Examples of previous hacks include the “I’m OK” app from RHoK #0 in November 2009, which was used during the response to recent earthquakes in Haiti and Chile, and the landslide prediction tool “Chasm,” winner of RHoK #1 in June 2010.

RHOK will be held simultaneously in many locations around the world. The five main stages will be in Chicago, Sao Paolo, Aarhus, Nairobi and Bangalore; and there will be over a dozen satellite events in other global cities. To find a location near you, see the latest list on the RHoK website.

Join us on December 4th and 5th, and visit www.rhok.org for more information.

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Note: This is a guest post from Ismail Elshareef, who is the Principal Architect at Edmunds.com. Thanks for the post and for making the web faster Ismail!

In the Fall of 2008, we embarked on a complete redesign of our car enthusiast site, insideline.com. One of the main redesign objectives was to deliver the fastest page load possible to our consumers. Leading up to that point, we have been closely following and implementing the performance best practices championed by Google's Make the Web Faster team and others. We understood the impact performance has on user experience and the bottom line.

Some of the many performance-enhancing features that have been implemented on insideline.com (and now on our beta.edmunds.com) are:
  1. Reducing the number of HTTP requests: We combined CSS and JavaScript files as necessary as well as using sprites and data URIs when appropriate. We have also reduced the number of blocking requests as much as possible to make the pages "feel" faster
  2. Serving static content from different domains: This helped maximize the browser parallel download capacity and made the request payload faster since no cookies were sent over the wire to those domains
  3. Using Expires headers: Caching static files in the client's browser to eliminate unnecessary, redundant requests to our servers
  4. Lazy-loading Page Modules: Render the bare minimum page components first so that the user sees something on the page, and then go through the modules and load them in order of priority. We developed a JavaScript Loader component to help us accomplish that which you can read more on the Edmunds technology blog.
  5. Managing 3rd-party components: iFrame components could be lazy-loaded without a problem. JavaScript components, on the other hand, need to be loaded onto the page before the onLoad event fires. That had the potential of slowing down our pages. The solution we devised was to delay the calling of those components until we initiate the lazy-loading of modules and right before the onLoad event fires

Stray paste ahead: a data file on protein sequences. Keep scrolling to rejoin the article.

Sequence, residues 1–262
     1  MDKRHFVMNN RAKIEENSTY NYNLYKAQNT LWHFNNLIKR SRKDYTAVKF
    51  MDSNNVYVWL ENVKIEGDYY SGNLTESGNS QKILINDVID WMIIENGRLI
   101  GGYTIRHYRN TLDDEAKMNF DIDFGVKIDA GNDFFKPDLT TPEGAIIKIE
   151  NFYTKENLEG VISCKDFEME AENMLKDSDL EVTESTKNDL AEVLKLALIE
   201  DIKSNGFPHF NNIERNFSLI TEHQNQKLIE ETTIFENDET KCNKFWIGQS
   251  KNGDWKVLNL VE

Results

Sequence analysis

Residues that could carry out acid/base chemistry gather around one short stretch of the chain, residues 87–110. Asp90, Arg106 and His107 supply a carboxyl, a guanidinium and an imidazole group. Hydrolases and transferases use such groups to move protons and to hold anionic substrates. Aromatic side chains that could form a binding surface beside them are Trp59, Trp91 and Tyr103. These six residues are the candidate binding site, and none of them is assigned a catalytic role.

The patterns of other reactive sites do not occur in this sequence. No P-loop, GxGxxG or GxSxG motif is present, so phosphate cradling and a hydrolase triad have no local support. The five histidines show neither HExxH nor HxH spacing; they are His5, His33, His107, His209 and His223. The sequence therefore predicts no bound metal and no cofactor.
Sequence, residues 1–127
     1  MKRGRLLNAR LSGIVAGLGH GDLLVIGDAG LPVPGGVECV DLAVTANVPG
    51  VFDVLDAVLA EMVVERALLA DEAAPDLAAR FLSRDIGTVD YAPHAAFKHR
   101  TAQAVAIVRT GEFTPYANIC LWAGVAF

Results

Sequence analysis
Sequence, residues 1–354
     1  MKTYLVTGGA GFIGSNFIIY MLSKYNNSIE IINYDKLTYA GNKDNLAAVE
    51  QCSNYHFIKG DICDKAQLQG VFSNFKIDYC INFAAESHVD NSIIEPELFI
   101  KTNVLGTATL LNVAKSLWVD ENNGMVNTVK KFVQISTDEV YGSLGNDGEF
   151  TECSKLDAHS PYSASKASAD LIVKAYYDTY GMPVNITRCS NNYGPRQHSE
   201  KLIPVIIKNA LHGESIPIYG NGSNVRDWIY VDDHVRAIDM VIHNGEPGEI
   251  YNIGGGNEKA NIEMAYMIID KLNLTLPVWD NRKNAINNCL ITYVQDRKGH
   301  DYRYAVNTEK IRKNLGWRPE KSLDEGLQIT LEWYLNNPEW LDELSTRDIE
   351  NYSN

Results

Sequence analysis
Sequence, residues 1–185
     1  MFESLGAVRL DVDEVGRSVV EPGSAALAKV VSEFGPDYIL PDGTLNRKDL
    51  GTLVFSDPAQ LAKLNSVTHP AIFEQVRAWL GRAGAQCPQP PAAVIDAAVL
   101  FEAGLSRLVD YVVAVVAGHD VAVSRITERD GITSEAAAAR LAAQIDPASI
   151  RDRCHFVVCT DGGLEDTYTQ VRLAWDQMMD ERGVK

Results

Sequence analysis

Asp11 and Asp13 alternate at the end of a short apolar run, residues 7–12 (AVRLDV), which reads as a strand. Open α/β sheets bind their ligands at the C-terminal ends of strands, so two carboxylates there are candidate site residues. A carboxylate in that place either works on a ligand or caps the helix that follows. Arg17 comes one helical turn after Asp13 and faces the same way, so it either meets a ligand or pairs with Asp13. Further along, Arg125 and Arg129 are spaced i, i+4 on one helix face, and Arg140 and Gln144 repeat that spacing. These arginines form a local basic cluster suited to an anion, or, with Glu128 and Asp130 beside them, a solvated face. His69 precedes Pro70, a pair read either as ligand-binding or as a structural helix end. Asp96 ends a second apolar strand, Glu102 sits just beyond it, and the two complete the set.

6. Using non-blocking calls: With the browser being a single thread process, we optimized ways of including resources on the page without affecting page rendering so that the page is perceived to be fast by the user.

The results on insideline.com have been incredbile. Page load time went from 9 seconds on average on the old site to 1.5 seconds on average on the new one, and that's with loading in much richer content onto the page (measured with WebPageTest). We have also seen a 3% increase in ad revenue. On the beta.edmunds.com, which will replace our legacy site fully in December 2010, we have seen a 17% increase in page views and a 2% reduction in the bounce rate for our landing pages in a controlled experiment.

Although we have a long way to go in making our pages and services faster, we are very pleased of the progress we’ve made so far. Working with Google to make the web faster has been an exciting adventure that will continue with more improvements and innovations for both our sites and the web as a whole. Get more details on the Edmunds technology blog and try these enhancements on your site today.

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Update: Thanks for all the interest and feedback on 20 Things I Learned about Browsers and the Web! We hope to open-source the code in the coming months and will post an update when we do. Stay tuned.

Twenty years ago this month, Tim Berners-Lee published his proposal for the World Wide Web. Since then, web browsers and web programming languages have come a long way. A few of us on the Chrome team decided to write an online guide for everyday users who are curious about the basics of how browsers and the web work, and how their evolution has changed the way we work and play online. Called "20 Things I Learned about Browsers and the Web," this online guidebook is illustrated by Christoph Niemann, and built in HTML5, JavaScript and CSS3, with our friends at Fi.

In building an online book app, HTML5, JavaScript and CSS3 gave us the ability to bring to life features that hearken back to what we love about books with the best aspects of the open web: the app works everywhere, and on any device with a modern browser. Here are a few features of the book experience that we’re particularly excited about:

  • After the app has been visited once, you can also take the experience with you offline, thanks to the Application Cache API.
  • You can resume reading where you had left off as the book remembers your progress using the Local Storage API. We also mark the chapters that have previously been read by folding the top right corner of the page in the navigation.
  • The app utilizes the History API to provide a clutter-free URL structure that can be indexed by search engines.
  • The HTML5 canvas element is used to enhance the experience with transitions between the hard cover and soft pages of the book. The page flips, including all shadows and highlights, are generated procedurally through JavaScript and drawn on canvas.
  • The canvas element is also used to animate some of the illustrations in the book.
  • CSS3 features such as web fonts, animations, gradients and shadows are used to enhance the visual appeal of the app.